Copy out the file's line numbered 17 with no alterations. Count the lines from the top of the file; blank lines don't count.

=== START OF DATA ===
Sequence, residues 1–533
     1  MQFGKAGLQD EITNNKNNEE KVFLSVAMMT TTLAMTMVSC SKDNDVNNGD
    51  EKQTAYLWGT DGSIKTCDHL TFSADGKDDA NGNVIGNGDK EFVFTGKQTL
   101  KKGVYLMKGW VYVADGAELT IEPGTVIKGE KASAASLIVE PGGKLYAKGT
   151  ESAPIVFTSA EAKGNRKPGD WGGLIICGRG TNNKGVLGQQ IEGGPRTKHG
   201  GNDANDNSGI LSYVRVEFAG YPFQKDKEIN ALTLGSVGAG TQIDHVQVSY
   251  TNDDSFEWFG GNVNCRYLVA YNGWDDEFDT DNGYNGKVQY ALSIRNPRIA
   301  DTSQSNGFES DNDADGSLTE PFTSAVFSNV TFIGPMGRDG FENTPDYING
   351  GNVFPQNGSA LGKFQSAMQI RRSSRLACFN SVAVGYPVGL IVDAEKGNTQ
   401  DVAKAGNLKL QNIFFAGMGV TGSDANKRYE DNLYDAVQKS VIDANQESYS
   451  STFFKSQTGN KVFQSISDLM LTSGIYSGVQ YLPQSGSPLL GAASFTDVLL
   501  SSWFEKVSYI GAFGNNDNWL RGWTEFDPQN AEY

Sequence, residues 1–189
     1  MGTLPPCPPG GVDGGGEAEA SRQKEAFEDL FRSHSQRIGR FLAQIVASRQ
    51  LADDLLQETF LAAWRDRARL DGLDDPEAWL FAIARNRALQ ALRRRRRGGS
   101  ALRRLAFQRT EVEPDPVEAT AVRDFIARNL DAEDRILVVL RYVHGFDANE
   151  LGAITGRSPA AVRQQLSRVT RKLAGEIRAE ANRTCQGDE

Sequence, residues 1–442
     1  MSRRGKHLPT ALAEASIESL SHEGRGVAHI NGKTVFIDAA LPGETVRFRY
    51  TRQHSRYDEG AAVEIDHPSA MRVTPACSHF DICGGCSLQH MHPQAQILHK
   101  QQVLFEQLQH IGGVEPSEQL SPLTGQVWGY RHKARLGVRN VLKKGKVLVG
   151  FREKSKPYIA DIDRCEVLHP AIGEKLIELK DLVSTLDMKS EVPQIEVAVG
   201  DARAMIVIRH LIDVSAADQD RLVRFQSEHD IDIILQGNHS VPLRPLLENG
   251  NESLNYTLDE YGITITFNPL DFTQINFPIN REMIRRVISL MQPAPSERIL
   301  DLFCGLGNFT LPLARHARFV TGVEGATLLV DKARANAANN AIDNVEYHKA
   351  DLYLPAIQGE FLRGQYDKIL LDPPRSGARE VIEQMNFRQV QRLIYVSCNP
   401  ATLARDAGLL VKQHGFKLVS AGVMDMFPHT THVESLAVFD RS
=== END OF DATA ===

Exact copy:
   151  LGAITGRSPA AVRQQLSRVT RKLAGEIRAE ANRTCQGDE